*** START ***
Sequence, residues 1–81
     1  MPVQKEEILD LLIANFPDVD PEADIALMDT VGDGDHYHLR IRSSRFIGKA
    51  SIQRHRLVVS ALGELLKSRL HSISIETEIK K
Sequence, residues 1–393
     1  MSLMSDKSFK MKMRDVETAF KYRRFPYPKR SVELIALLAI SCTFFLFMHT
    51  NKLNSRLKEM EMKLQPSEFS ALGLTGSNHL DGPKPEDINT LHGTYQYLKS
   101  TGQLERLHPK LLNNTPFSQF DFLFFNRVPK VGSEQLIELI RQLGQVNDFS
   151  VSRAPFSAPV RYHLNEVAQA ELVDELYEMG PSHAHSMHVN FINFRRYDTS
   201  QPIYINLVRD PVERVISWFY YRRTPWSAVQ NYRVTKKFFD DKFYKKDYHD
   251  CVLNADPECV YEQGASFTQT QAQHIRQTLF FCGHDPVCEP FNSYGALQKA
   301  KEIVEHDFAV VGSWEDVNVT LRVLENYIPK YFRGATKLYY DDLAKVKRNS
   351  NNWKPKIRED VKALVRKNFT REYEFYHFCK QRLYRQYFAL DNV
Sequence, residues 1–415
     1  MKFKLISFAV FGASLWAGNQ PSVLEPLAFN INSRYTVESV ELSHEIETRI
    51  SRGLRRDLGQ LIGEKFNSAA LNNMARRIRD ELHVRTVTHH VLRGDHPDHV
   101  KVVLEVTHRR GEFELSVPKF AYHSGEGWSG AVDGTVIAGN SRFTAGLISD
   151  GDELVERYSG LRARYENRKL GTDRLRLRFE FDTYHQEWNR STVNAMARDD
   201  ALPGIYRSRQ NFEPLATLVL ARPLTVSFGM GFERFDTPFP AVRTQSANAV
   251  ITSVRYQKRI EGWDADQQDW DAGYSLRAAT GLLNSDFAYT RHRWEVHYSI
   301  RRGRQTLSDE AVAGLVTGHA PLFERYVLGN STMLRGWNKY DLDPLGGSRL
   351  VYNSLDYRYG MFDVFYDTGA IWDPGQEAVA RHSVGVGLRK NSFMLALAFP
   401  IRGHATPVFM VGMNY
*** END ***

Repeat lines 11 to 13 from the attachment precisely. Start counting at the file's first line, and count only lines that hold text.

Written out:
   301  KEIVEHDFAV VGSWEDVNVT LRVLENYIPK YFRGATKLYY DDLAKVKRNS
   351  NNWKPKIRED VKALVRKNFT REYEFYHFCK QRLYRQYFAL DNV
Sequence, residues 1–415